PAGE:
Albert Heijn trials fully automatic store

Albert Heijn announced Thursday it will be testing a cash register and employee free store for the next two months. The fully automatic store is located in a converted 14 square meter freight container and uses computers, cameras, and sensors in lieu of employees and cash registers, much like the 15 cash-free branches of Amazon Go in the US.

According to a video published by AH, customers will be able to enter the store by scanning their bank card and then make product selections as they ordinarily would. Sensors and cameras automatically track purchases which the customer can then double-check before leaving the store; the card will be automatically charged as the customer exits.

Similarly, structured store models reportedly show a significant decrease in the average amount of time a customer spends in a store when they do not scan their items or interact with a cash register, “from an average of three minutes to 30 seconds.” According to the Volkskrant, another consumer benefit of automatic stores is that they can be open 24 hours a day.

AH benefits from automatic ‘nano stores’ because cameras and shelf sensors work to prevent theft. This nearly employee-free store model also helps reduce AH’s payroll budget which was reportedly 9 billion euros.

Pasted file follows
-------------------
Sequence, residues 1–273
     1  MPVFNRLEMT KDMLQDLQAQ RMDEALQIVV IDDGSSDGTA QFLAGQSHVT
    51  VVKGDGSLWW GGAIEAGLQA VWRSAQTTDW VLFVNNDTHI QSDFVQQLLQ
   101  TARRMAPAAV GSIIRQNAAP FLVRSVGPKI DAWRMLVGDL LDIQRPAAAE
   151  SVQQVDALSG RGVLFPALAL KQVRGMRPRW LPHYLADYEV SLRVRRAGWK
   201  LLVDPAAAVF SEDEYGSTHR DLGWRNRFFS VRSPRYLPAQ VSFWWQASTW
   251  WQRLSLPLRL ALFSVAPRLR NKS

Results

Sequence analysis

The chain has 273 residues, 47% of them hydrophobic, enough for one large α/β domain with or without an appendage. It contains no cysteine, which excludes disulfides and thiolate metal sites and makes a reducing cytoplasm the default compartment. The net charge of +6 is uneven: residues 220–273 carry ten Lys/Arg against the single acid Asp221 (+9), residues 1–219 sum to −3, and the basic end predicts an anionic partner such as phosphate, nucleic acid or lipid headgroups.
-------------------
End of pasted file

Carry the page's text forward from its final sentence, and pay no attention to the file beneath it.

Ceo Marit van Egmond of Albert Heijn reportedly sees opportunities for this type of ‘container store’ in places where there is a temporary need for a small store such as offices, university grounds or upcoming residential areas under construction.

The small selection of food available in AH container stores will be targeted to customers looking for something quick to eat or drink, including snacks, soft drinks and ready-made meals. The new digital AH to go is located at the headquarters of the parent company, Ahold Delhaize, in Zaandam and is currently being tested by staff.

Featured Image: DennisM2 [Flickr]


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